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Rockin' Our Turntable: of Montreal

By Tankboy in Arts & Entertainment on Sep 7, 2010 4:40PM

2010_09_ofMontrealFalsePriest.jpg While we have long admired Kevin Barnes' ambition we’ve often found his execution to be flawed. The albums he’s released as of Montreal have often had thrilling moments, but unfortunately many of those are hidden by the thickly tangled music created my Barnes’ seeming inability to edit himself. Songs twist and turn too many times and come unglued as Barnes tries to stuff every musical idea that comes to him into every sonic crevice he creates. of Montreal often irons out these problems when the band collects as a live ensemble, even if we haven't always identified with their shows a s a whole, so we’ve long wondered what Barnes could create if he approached things differently.

We got a hint of what could be possible when Jon Brion was given free reign to remix a few songs of the band’s deeply frustrating Skeletal Lamping album and the finished product was a revelation. Brion took Barnes’ work out of the land of laptop recording and re-presented it in a cinematic widescreen that brought out the hidden charms I of Montreal’s music. We’re strong believers that even geniuses need foils to keep them somewhat in check - there’s a reason Barnes is often compared to Prince in terms of the quality and quantity of their output - so we were thrilled to hear Brion was on board to produce False Priest, out a week from today on September 14.

False Priest is easily the sexiest album in of Montreal’s oeuvre, even if it’s not the most challenging. We’re not used to Bares and crew sounding so vibrant and so deeply colorful, but we found ourselves blasting False Priest first through headphones, then stereo speakers and then with great glee through a club sound-system. The funk that drives many of their songs on stage but was often buried behind walls of treble on their albums is allowed to flow forth, rumbling and vibrating and driving the grooves in a way that, for of Montreal, is revelatory and exciting. Indeed even Barnes’ voice carries an unexpected richness, evoking a gentle tenderness we’ve never heard on the sweet groove of “Enemy Gene” while dripping with a mixture of humor, caustic wit, and surprising vulnerability on the darkly comic “Our Riotous Defects.”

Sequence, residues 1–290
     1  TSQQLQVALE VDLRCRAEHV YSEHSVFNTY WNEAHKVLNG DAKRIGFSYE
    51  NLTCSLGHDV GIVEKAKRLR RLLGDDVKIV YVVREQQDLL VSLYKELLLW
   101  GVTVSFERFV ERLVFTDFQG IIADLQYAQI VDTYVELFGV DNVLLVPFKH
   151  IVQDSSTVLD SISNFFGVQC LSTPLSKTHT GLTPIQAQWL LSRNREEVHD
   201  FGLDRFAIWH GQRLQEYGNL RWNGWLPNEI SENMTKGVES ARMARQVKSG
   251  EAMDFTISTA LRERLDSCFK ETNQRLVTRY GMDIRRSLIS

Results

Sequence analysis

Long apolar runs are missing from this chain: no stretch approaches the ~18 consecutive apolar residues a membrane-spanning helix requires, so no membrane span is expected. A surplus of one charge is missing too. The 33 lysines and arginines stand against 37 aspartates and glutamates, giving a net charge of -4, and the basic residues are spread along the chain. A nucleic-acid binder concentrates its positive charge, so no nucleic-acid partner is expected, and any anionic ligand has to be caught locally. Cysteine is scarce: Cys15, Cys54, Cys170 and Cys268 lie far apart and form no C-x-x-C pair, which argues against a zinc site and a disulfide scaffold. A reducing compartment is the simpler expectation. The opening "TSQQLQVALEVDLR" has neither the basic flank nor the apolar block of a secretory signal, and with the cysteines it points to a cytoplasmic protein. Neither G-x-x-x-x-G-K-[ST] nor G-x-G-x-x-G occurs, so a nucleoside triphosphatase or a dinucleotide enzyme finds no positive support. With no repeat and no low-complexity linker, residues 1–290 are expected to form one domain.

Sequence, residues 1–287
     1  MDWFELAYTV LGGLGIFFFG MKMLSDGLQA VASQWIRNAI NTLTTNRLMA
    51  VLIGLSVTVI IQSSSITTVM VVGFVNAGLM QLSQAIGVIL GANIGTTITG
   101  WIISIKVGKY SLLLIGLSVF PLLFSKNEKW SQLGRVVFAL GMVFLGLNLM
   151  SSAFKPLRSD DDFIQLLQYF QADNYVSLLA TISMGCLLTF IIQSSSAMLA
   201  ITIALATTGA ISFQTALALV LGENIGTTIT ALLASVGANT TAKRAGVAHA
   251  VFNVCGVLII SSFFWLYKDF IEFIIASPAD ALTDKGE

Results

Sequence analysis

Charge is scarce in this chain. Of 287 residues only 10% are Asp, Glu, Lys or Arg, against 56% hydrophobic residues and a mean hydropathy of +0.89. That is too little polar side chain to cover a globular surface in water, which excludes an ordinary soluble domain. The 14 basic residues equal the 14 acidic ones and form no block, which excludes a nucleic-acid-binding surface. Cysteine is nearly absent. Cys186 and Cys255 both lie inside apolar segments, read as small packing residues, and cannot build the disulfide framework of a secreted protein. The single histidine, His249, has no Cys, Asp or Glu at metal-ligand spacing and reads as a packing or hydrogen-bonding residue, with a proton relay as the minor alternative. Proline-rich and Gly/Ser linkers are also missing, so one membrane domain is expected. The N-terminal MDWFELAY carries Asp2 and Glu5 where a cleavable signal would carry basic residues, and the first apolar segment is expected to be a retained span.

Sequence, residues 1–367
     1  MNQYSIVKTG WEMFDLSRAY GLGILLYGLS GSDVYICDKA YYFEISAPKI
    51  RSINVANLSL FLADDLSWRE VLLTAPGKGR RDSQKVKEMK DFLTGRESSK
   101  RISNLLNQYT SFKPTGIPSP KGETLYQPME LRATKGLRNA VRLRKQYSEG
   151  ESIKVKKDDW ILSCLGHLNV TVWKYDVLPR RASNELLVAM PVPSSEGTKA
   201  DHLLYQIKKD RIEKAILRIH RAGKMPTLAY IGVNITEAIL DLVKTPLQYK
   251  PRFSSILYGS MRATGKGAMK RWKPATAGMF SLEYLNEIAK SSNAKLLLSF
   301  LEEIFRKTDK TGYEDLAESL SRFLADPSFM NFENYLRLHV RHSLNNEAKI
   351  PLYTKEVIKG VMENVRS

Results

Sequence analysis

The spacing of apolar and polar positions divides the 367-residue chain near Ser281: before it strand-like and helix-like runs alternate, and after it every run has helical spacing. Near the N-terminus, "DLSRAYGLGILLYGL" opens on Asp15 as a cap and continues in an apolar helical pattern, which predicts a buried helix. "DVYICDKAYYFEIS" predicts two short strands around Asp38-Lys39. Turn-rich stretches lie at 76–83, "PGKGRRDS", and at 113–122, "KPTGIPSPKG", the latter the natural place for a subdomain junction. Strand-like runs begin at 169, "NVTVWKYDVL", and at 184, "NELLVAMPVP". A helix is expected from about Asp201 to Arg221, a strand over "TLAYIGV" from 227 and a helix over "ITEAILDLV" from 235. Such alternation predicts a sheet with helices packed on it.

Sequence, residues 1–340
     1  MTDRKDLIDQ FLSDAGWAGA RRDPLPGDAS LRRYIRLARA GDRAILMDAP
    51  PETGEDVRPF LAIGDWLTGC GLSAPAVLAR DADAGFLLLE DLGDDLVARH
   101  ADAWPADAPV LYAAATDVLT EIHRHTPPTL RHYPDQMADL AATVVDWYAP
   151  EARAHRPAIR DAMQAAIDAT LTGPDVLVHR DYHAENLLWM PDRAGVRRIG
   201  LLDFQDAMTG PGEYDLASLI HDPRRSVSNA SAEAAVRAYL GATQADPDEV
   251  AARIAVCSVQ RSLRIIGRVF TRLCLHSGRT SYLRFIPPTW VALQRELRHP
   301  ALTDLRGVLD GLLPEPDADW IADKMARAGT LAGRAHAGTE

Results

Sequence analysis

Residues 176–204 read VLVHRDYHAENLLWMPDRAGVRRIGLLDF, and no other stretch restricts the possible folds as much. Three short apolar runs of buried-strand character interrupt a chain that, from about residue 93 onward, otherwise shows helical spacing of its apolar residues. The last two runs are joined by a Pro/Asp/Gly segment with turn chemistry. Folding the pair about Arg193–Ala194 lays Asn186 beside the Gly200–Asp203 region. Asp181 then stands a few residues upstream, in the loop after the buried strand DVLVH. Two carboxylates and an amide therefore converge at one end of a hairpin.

False Priest is not a perfect album. We would have loved to see the band branch out more to deliver truly unexpected gems like the driving guitar rawk that makes “Coquet Coquette” such a rush, and while the album benefits overall from a tightening songcraft, Barnes does occasionally lapse into repetitive tropes that rob some songs of their potential. But we believe strongly that despite these minor points False Priest is easily the best album that of Montreal has released in years. Each listen seems to peel back another layer or reveal a delightful little touch we missed on the listen just before, allowing us to listen to the album over and over again with growing enthusiasm. We may just have a modern classic on our hands here.

MP3: of Montreal "Coquet Coquette"

of Montreal plays on September 25 at The Riv